Information and Analysis We Can All Use

Published: October 19, 2020

By Jim Lichtman
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The speed of communications is wondrous to behold. It is also true that speed can multiply the distribution of information that we know to be untrue. – Edward R. Murrow, 20th century journalist.

No doubt Murrow would be outraged by Donald Trump’s daily false information and governance by tweet, but… he and his staff would be working overtime to get the honest information out there.

John Zogby has been working to provide honest information and analysis through his polling for more than 30 years. (He has also conducted several polls for this writer.)

While his surveys measure the political horse race of the moment, Zogby’s interested in digging deeper to understand how people think and feel about issues. Another distinction is that he draws responses from a near even number of democrats and republicans. A recent poll shows the race between Trump and Biden to be closer than others claim.

Teamed with his son and partner, Jeremy — who adds a strong background in history — the two complement one another in their weekly podcasts. In calm, clear voices based on current data and events, they offer their analysis and opinions as to what that information may foretell.

And here’s the part I like: when you’re listening, you can clearly tell the data exchange from the opinion exchange, unlike media pundits who opinionate the day’s events with messaging that tends to tell the listener what to think.

In addition, the younger Zogby distills the latest polling and analysis along with occasional historical perspective into his IntelligenSEER, a weekly report that asks us to step back from the “brush fire” of the moment and look at our political and cultural future —  information that is more relevant than ever.

For millennials, think of Jeremy as Zogby 2.0.

In the current issue, “The Search for Common Ground,” Jeremy’s data shows us that “common ground does exist among Americans,” something clearly absent in the halls of Washington.

When asked, How willing are you to concede to the other party on one of your top two issues to move forward with the other? — virtually half of Americans (40 percent/willing vs. 42 percent/unwilling) would concede to the other party on top issues such as Covid-19, and healthcare, in order to move the country forward. And yet, Washington continues to be less interested in common ground than maintaining their Us vs. Them mindset.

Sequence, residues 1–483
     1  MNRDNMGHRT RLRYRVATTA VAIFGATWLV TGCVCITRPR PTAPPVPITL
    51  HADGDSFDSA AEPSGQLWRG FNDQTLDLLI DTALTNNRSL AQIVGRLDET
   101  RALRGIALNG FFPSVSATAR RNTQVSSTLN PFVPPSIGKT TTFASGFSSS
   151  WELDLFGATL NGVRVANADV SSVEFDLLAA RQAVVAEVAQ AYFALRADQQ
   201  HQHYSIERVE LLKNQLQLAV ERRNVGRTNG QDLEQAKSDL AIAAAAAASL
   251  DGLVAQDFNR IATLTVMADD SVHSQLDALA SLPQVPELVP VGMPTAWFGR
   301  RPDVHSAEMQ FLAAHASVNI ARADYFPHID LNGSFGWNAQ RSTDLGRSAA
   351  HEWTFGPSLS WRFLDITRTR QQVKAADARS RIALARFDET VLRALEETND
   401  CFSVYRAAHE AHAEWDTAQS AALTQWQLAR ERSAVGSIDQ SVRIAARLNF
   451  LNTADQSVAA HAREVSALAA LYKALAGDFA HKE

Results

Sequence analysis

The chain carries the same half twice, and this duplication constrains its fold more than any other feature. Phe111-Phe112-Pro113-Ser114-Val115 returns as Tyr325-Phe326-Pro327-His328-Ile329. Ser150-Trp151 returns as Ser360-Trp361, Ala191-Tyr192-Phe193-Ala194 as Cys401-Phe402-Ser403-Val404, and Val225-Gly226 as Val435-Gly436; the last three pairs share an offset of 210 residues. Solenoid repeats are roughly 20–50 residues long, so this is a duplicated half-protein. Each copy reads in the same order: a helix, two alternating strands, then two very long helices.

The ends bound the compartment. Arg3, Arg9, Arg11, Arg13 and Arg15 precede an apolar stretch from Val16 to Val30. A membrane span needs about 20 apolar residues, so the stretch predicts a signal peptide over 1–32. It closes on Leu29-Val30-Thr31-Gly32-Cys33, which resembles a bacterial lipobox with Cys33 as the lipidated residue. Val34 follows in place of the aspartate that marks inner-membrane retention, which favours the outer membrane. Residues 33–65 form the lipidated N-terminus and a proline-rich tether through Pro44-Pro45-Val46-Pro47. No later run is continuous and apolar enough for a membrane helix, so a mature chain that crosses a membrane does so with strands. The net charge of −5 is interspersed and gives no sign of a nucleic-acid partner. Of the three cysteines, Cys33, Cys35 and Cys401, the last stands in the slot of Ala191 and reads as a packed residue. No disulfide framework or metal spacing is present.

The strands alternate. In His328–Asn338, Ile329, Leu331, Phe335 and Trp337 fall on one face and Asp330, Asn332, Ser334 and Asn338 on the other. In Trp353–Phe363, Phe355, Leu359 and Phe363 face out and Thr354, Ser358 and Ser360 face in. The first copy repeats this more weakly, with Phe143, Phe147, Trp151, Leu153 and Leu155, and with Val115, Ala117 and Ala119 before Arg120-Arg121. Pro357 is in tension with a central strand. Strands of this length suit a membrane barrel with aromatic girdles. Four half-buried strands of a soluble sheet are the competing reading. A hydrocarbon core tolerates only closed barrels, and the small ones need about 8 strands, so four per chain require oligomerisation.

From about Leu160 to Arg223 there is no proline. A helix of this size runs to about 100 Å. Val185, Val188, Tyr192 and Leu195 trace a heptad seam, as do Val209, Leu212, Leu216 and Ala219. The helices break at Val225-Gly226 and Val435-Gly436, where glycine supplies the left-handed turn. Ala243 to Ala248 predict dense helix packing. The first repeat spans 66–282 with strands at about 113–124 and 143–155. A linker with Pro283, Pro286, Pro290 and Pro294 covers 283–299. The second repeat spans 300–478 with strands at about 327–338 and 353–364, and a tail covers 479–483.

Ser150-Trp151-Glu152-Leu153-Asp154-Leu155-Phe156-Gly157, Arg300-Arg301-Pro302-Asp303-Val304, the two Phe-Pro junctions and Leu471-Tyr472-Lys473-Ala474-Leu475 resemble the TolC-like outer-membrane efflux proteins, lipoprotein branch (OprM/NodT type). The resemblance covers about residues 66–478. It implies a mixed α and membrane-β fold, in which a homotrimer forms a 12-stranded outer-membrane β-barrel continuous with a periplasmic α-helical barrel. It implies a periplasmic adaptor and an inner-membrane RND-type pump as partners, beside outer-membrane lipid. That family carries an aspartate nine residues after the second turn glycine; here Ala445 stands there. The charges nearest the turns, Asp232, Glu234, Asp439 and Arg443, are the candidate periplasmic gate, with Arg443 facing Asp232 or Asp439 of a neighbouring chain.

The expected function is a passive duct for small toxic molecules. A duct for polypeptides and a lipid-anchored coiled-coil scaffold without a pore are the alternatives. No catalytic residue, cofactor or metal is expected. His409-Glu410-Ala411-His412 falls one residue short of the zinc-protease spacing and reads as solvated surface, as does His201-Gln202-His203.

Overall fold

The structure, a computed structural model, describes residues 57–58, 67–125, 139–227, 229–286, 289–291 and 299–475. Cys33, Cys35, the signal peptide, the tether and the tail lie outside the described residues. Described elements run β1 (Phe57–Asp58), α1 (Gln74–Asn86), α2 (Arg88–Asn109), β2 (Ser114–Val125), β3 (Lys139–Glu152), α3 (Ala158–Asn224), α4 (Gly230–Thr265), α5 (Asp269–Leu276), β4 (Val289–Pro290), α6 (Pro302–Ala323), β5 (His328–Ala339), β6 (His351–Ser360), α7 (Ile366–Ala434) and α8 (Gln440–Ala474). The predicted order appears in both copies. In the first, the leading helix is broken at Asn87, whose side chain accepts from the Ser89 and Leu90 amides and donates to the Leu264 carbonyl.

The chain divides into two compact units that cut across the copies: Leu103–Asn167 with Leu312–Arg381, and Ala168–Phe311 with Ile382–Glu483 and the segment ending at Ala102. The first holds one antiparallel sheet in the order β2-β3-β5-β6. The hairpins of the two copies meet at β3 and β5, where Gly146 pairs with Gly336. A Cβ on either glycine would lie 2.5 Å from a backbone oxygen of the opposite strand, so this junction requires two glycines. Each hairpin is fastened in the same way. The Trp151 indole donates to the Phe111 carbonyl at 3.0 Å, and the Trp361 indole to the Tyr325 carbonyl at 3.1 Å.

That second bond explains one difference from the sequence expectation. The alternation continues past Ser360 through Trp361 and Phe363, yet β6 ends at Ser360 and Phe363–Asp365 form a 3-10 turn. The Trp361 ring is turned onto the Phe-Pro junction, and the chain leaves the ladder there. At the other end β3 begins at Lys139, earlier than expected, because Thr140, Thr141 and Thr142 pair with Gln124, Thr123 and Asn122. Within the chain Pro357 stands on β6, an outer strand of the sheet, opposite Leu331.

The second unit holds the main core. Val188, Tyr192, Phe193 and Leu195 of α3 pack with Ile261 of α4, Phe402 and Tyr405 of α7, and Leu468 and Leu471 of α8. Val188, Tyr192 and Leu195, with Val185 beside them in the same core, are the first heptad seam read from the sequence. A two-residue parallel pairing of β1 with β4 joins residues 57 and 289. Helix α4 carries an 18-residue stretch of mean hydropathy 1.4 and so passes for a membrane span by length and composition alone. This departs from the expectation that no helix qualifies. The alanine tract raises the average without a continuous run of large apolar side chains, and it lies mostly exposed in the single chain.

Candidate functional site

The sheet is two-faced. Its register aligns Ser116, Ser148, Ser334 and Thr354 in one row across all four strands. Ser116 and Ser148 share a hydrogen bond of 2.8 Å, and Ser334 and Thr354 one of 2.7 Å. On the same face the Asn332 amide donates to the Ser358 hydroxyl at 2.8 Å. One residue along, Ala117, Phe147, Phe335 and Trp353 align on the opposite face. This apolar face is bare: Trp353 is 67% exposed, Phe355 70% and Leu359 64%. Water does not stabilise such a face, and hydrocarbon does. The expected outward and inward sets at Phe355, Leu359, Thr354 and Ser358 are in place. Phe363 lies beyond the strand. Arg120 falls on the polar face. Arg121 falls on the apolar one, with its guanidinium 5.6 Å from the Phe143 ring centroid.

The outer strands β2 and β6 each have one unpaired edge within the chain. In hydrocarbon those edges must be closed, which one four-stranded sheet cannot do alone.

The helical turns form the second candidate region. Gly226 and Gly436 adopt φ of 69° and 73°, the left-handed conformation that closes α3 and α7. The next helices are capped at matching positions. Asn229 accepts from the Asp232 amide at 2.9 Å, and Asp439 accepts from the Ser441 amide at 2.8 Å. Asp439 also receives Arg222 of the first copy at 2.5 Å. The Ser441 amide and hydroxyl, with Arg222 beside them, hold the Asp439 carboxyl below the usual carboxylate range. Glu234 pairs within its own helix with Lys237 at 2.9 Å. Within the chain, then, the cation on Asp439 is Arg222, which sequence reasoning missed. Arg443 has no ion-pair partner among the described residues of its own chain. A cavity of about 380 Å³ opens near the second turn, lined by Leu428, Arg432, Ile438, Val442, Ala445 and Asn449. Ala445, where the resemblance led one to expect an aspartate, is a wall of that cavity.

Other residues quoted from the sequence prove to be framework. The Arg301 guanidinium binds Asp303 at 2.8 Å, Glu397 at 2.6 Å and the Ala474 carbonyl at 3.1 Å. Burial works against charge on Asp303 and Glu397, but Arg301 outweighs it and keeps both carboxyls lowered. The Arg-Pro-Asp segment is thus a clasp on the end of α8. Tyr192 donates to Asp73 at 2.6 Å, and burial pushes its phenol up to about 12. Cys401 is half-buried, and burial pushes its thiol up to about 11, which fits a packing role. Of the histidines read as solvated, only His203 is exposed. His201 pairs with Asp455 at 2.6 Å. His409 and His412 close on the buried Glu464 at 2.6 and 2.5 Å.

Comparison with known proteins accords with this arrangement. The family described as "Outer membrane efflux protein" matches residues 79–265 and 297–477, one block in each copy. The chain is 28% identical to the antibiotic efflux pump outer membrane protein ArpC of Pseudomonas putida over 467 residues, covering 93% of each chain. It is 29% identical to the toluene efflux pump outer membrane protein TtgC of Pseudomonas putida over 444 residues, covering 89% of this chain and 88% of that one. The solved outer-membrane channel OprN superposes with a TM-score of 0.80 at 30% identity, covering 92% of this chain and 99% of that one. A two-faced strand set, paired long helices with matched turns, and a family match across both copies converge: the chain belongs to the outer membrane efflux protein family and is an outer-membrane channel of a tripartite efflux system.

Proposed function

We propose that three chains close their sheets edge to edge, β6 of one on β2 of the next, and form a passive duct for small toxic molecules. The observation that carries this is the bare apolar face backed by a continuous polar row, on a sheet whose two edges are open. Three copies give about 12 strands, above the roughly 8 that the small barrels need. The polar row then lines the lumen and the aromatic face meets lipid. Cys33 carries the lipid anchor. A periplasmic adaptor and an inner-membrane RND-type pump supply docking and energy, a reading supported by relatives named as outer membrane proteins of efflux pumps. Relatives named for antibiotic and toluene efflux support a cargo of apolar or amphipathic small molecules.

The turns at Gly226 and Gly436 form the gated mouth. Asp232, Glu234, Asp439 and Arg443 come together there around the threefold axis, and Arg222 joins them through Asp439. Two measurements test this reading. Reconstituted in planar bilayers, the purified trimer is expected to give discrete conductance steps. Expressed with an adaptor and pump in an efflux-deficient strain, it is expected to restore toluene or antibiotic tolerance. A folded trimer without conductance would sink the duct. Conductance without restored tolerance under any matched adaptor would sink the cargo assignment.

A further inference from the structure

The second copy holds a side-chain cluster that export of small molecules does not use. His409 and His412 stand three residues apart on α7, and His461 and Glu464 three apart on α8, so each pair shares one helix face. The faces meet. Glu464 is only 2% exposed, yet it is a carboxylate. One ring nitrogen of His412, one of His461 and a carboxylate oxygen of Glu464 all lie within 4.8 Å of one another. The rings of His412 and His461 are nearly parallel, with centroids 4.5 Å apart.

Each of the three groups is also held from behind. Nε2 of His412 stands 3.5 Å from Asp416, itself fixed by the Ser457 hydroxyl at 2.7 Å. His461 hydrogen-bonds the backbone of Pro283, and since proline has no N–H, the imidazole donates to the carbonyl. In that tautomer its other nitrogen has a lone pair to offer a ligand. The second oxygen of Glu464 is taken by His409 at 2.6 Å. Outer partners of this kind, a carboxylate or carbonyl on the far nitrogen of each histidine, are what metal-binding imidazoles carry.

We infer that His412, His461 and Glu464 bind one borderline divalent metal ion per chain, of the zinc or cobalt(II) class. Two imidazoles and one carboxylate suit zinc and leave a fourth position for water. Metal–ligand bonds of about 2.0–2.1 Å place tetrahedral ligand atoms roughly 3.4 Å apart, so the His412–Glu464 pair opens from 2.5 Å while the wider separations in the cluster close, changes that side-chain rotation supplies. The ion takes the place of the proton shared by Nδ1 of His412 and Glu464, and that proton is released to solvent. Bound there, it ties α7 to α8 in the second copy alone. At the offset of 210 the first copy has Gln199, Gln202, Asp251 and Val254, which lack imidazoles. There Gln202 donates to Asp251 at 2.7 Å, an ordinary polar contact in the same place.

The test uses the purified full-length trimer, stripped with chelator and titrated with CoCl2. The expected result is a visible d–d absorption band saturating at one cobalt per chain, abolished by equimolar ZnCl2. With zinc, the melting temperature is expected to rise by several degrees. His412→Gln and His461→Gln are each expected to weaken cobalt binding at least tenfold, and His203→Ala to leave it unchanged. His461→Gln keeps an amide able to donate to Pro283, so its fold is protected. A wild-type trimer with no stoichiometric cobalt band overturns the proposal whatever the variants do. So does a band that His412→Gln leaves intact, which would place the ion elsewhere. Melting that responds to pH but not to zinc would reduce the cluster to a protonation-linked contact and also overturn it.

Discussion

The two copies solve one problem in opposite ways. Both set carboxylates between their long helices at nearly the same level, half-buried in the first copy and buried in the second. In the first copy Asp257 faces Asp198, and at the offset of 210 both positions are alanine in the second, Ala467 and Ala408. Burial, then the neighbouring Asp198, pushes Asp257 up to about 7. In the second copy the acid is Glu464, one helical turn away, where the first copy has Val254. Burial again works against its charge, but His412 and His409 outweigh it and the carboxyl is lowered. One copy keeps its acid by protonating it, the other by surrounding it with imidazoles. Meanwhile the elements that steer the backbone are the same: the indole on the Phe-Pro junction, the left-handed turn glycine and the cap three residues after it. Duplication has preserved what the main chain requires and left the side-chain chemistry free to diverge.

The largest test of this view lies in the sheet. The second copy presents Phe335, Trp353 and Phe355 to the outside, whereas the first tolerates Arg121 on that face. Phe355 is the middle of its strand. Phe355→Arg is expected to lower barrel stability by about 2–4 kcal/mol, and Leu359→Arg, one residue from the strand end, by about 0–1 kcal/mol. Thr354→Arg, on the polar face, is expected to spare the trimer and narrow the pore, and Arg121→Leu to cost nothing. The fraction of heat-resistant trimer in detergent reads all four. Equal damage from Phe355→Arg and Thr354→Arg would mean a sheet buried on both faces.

In analyzing the question, Jeremy writes, “A cynic could say that in our search for unity, we found division. But on the contrary, amidst all of this disunity, it is a surprise that so many Americans are willing to meet halfway on one of their top two political issues. It is like the biological equivalent of giving one kidney to an opponent in need.”

“Regarding reform, such as term limits for House Representative, Senators, and bureaucrats at federal agencies, do you agree or disagree? — a whopping 83 percent of both Democrats and Republicans agree.

“Regarding reform, such as removing big-money influence entirely from election campaigns, do you agree or disagree? — 87 percent agree vs. 6 percent who disagree.

“The obvious question,” Zogby asks, “is, who are the people who disagree with such wildly popular sentiment?

“The obvious answer is those who benefit from the lack of term limits and the ability to pour money into election campaigns. …our political system,” Jeremy emphasizes, “has been hijacked by a tiny class who profit handsomely, while all the rest inherit the chaos of a rotten system.

“Americans are unified in their sentiment for term limits and removing Corporate-PAC donations from election campaigns,” Zogby concludes. “However, as long as the ethos is that the two political parties are agents for change, the public will remain stuck in the political equivalent of the boom/bust cycle in which one party gets elected with just enough enthusiasm that the nation will move forward until the expectation bubble bursts 4 or 8 years later, and the next party comes in. And so on. Eventually, Americans, like a hamster on a wheel, will grow tired.

“The question is, will the nation muster up enough courage to go forth with the changes that our poll shows they emphatically rally behind? As of now, it does not appear so.”

Other reports similarly dig deeper: “Change is Gonna Come,” and “What a Renaissance Would Look Like Today.”

Wading through the flood of information we face daily makes it more and more difficult in choosing who and what to believe. For many, the task is so frustrating and confusing that they just give up, which is the worst choice of all.

Reading the IntelligenSEER will cause you to think about what we believe and where we are heading rather than relying on others to do our thinking for us.

“An educated citizenry is a vital requisite for our survival as a free people,” Jefferson wrote.

But if we abdicate our responsibility to that essential; if we fail to properly inform ourselves before making decisions that affect us all, we fail as a country.


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